RICHMOND, Virginia (Reuters) - The Virginia Board of Health is meeting on Friday on whether to require abortion clinics to meet stricter hospital-style standards, part of a push in a number of states to tighten abortion restrictions.
The proposal before the 15-member panel could force abortion providers to undertake potentially costly renovations, such as widening hallways and installing new ventilation systems and awnings.
Republican Governor Robert McDonnell approved health regulations in December that would impose hospital-style building codes on abortion clinics. Virginia has 20 abortion clinics.
The Board of Health, which has the final word on the changes, is meeting to approve McDonnell's rules.
Cianti Stewart-Reid, executive director of Planned Parenthood of Virginia, said the new requirements were unnecessary and expensive.
"There is the potential that some health providers won't be able to meet those requirements and will have to close as a result," she said.
The board voted last year to exempt existing clinics from the changes. It reversed itself in September after Attorney General Ken Cuccinelli, a tea party Republican running for governor, warned the board that his office would not defend them against lawsuits arising from such a decision.
Final approval by the Board of Health would be the latest blow to abortion providers around the country. This week the Republican-led Arkansas Senate voted to bar state funds from going to any entity that provides abortions.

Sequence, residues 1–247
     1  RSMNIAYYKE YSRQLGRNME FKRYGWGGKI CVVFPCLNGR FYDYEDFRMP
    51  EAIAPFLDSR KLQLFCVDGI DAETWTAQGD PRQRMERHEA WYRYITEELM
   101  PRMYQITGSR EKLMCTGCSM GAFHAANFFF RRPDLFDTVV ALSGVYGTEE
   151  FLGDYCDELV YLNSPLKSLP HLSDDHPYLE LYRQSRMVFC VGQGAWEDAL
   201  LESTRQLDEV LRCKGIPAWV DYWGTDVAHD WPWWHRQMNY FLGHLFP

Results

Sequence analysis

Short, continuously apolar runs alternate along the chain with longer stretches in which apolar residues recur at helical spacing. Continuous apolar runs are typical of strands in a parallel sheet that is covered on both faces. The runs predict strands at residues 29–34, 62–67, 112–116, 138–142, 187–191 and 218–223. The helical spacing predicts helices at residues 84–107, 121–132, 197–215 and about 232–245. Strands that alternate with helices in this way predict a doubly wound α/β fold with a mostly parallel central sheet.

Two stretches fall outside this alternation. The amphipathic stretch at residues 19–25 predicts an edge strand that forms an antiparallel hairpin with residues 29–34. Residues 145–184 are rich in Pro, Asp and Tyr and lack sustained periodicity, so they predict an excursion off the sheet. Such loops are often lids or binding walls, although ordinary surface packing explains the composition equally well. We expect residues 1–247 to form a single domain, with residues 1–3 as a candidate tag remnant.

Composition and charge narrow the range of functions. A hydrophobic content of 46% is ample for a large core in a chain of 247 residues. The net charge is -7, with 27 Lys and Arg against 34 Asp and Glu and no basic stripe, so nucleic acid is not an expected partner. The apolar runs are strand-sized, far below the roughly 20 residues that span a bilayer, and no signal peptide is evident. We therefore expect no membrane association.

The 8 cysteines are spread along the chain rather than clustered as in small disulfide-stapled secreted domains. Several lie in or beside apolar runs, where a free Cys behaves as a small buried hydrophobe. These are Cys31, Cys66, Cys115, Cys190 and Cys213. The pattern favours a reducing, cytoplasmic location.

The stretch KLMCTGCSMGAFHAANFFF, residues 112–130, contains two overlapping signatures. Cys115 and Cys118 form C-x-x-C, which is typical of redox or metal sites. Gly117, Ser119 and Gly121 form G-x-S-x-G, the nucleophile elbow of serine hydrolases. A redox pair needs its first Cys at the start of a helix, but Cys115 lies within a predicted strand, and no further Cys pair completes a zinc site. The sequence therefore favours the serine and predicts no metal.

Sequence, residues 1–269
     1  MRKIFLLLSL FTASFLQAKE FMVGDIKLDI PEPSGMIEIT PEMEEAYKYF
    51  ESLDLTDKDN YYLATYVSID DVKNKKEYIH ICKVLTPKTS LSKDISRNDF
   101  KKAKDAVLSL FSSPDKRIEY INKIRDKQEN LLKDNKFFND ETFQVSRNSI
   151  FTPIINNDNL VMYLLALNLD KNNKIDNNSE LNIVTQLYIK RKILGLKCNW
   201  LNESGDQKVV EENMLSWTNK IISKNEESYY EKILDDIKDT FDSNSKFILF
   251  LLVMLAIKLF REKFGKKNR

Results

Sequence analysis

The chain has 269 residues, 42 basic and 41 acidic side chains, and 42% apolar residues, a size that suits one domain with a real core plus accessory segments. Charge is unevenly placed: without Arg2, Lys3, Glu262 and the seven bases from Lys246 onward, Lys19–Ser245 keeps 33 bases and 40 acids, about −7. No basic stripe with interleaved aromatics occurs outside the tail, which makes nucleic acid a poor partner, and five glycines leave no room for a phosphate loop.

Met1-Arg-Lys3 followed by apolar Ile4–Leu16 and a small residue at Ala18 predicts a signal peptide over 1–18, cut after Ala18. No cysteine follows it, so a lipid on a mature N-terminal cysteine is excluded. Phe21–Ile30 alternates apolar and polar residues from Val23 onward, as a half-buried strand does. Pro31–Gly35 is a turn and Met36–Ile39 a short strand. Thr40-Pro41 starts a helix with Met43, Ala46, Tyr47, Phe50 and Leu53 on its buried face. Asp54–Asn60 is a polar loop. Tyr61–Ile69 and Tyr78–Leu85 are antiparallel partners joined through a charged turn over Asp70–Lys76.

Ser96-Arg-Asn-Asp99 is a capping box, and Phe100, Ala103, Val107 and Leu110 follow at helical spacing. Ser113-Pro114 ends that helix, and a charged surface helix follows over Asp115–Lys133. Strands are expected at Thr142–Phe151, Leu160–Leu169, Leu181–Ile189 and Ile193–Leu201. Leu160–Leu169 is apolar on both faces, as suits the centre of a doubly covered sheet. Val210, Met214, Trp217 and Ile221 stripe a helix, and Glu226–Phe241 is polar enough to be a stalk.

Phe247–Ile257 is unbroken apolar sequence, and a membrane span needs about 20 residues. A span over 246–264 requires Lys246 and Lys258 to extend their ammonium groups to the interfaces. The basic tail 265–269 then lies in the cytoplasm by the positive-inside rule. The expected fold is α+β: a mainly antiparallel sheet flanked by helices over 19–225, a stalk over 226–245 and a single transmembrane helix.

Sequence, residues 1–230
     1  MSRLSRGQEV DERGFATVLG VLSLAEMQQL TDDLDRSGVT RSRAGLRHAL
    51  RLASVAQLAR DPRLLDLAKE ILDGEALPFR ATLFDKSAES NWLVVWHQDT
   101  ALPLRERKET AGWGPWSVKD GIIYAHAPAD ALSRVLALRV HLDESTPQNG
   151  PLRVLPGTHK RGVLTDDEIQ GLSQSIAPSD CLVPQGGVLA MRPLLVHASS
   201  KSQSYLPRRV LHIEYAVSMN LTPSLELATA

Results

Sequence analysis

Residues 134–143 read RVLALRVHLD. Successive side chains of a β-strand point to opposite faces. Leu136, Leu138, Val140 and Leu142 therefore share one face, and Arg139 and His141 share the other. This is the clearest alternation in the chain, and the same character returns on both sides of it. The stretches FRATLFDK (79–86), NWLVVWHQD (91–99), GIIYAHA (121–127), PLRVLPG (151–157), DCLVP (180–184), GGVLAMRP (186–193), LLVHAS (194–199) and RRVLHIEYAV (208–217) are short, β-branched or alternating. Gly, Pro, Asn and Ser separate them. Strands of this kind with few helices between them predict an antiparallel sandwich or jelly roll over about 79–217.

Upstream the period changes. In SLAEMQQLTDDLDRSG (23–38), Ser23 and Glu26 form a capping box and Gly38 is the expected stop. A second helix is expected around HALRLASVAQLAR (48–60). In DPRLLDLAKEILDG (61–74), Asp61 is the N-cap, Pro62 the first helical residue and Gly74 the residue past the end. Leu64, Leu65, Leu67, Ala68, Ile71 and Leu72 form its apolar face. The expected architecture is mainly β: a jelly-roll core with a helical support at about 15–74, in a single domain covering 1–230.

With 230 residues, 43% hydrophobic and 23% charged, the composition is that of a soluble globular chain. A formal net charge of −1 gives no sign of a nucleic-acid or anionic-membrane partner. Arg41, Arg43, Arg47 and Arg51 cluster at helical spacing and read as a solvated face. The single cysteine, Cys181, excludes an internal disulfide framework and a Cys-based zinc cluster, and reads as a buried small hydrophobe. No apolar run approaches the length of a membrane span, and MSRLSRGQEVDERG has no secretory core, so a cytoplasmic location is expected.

Similar measures have passed in other states, including Indiana, New Jersey and Texas. In the most restrictive anti-abortion action to date, North Dakota last month banned most abortions after six weeks of pregnancy.
Legal experts have questioned whether that measure or a post-12-week ban would survive court challenges.
Seven states, including Mississippi and Alabama, require hospital admitting privileges for abortion providers. Critics say the laws restrict a woman's constitutional right to an abortion.
Virginia's General Assembly last week approved McDonnell's plan that blocks private insurance plans being sold through the new health benefits exchange from including abortion coverage. The exchanges are set up under the federal Affordable Care Act.
Virginia's legislature drew national attention last year with a bill signed by McDonnell that required an ultrasound procedure before an abortion.
A requirement for an invasive vaginal probe in some cases was removed from the measure after it drew national debate and was lampooned by late-night television comics.
(Reporting by Ian Simpson; editing by Andrew Hay)